You’ve decided to start looking into used RVs. First off congratulations, you’re going to have a blast regardless if you plan to full-time or be a weekend warrior. But now that you’ve made the decision to purchase a used RV it’s important to check some things before you pull the trigger.
I don’t recommend relying on the dealership or previous owner to cough up any issues a RV may have, so it’s best to do your due diligence to catch any red flags early on. Below I’m going to highlight 3 things to look for when buying a used RV. While there are more aspects you’ll want to consider purchasing, these 3 things can help narrow down your search.
One of the first questions you should ask when looking at a used RV is if the previous maintenance records are available. While having previous records doesn’t guarantee a RV is free of issues, it can provide a glimpse of the RV’s history to know if maintenance was performed, or learn about previous damage and repairs.
Water damage in a RV can not only be a major headache, but it can lead to bigger problems down the road, including costly repairs. That’s why it’s so important to inspect the RV you’re looking at for current or potential water damage.
There are several ways to check for water damage, one of which is to push on the ceiling inside all of the upper cabinets to check for soft spots.
Make sure to check the lower cabinets and all corners of the RV as well, keeping an eye out for any drip marks, dry rot, discoloration, or mold. Don’t forget to inspect the roof, especially the skylight, otherwise you may run into the same costly mistake we did when we purchased our used rig.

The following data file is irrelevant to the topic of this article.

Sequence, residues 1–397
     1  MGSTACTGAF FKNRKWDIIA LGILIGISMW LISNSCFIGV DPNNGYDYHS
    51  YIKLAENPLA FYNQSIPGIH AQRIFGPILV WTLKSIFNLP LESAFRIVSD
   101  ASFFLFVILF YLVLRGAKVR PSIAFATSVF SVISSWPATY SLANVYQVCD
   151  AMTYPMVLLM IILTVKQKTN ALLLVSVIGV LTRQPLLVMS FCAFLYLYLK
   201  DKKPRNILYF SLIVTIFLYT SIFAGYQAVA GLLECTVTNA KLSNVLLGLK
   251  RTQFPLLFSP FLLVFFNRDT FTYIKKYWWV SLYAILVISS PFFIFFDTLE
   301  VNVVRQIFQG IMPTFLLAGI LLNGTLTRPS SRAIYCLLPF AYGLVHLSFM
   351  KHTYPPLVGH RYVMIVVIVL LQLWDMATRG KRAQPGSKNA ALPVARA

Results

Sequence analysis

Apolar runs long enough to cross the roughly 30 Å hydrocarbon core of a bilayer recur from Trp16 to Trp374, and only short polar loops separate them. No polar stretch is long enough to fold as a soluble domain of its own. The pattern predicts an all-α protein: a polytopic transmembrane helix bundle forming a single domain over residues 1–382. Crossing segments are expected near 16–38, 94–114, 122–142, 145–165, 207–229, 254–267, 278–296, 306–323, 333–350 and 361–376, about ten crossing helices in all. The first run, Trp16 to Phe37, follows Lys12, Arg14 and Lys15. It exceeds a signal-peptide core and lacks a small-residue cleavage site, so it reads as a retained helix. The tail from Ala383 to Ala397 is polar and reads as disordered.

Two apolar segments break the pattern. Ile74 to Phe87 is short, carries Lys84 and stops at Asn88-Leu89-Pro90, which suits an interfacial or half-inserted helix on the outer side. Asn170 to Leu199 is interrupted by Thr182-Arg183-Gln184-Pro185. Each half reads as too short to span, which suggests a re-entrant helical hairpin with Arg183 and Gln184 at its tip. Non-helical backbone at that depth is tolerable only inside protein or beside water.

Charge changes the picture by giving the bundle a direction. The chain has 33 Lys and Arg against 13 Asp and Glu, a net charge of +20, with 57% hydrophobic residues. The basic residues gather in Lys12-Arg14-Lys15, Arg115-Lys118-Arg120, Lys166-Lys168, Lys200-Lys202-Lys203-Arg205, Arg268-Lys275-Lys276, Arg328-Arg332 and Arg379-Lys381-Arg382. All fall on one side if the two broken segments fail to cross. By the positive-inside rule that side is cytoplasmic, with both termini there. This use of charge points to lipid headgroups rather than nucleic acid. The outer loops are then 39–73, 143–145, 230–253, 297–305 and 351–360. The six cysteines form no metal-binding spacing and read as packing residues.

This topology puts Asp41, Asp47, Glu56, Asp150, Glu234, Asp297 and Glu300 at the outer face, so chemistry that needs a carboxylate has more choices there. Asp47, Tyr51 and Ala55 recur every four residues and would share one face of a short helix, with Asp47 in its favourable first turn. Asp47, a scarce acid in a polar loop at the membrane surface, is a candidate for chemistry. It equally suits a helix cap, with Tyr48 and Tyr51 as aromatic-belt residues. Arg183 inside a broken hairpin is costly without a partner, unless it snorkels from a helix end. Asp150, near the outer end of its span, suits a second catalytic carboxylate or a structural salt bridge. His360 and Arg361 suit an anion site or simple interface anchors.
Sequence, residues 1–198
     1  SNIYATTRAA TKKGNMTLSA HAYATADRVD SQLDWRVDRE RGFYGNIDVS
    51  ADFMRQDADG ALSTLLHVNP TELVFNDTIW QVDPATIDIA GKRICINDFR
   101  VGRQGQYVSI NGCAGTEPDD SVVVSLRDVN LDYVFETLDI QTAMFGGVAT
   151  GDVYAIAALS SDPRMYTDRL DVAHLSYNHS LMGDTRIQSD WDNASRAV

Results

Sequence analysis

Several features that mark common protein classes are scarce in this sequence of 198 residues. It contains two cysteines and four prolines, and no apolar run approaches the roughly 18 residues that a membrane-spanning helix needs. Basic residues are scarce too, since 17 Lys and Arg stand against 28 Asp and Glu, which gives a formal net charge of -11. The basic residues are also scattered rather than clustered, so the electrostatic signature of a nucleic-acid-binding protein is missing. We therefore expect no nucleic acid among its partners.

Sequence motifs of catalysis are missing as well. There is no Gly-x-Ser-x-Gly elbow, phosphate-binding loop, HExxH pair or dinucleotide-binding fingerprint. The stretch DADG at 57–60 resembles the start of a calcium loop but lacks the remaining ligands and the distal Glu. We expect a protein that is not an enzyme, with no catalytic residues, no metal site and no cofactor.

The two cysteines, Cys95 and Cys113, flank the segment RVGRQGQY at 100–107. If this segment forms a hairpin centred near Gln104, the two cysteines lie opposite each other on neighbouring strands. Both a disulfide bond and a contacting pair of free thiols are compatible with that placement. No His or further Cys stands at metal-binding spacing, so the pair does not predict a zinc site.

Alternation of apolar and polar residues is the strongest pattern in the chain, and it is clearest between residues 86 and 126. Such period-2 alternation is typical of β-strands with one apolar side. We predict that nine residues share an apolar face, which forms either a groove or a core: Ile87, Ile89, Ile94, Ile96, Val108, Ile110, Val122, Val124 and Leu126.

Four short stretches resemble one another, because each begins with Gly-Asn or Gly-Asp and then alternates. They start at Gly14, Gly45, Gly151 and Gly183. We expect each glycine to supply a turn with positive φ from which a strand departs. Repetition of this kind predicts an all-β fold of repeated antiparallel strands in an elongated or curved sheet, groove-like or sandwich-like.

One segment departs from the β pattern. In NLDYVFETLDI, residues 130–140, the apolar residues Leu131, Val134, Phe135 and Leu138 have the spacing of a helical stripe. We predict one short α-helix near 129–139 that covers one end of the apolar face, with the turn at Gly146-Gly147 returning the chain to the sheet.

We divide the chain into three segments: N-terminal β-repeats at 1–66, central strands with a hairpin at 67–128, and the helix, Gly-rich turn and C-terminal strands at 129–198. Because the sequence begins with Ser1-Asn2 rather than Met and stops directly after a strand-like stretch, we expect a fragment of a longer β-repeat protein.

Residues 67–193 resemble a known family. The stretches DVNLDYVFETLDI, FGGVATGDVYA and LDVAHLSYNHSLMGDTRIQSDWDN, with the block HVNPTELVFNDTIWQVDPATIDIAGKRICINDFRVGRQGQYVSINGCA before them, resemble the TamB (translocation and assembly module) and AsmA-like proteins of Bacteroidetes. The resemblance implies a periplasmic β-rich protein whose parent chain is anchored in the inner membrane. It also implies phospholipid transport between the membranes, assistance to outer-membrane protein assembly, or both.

Another sign of water damage in a RV is sidewall delamination, which can be very difficult and extremely costly to repair. Some signs of delamination are waves, bubbles, or cracks to the interior or exterior walls. If you see these signs I’d run away and not look back.
Tire Manufacture Date:
Tires are one of the most important aspects to safety on a RV. A blow out when you’re going down the road can be bad enough, but with the amount of weight you’re carrying in a RV it can be downright frightening.
Even RV tires with near perfect tread can lead to blow outs. This is one of those instances where age trumps appearance so do yourself a favor and check the age of the tires on the RV you’re looking at, even if it’s brand new. The general rule of thumb is to consider replacing your RV tires at or around 5 years of age.
To check the age of RV tires, you’ll want to locate the “DOT” letters on the tires. Following those letters you’ll generally see two or three codes. The one you’ll want to pay attention to is the four-digit code with only numbers. In the photo below you can see our four-digit code with only numbers is the last grouping. It reads 4813.
The first two numbers represent the week the tires were made, and the second set of two numbers represent the year. In our case we know our tires were manufactured in the 48th week of 2013, and will likely need to be replaced around December 2018.
There are a lot of other aspects that go into purchasing a used RV, but if you keep an eye out for these three things, you’ll be well on your way to narrowing down your search. And if you’re looking for a more detailed list, be sure to download this pre-inspection checklist to take with you.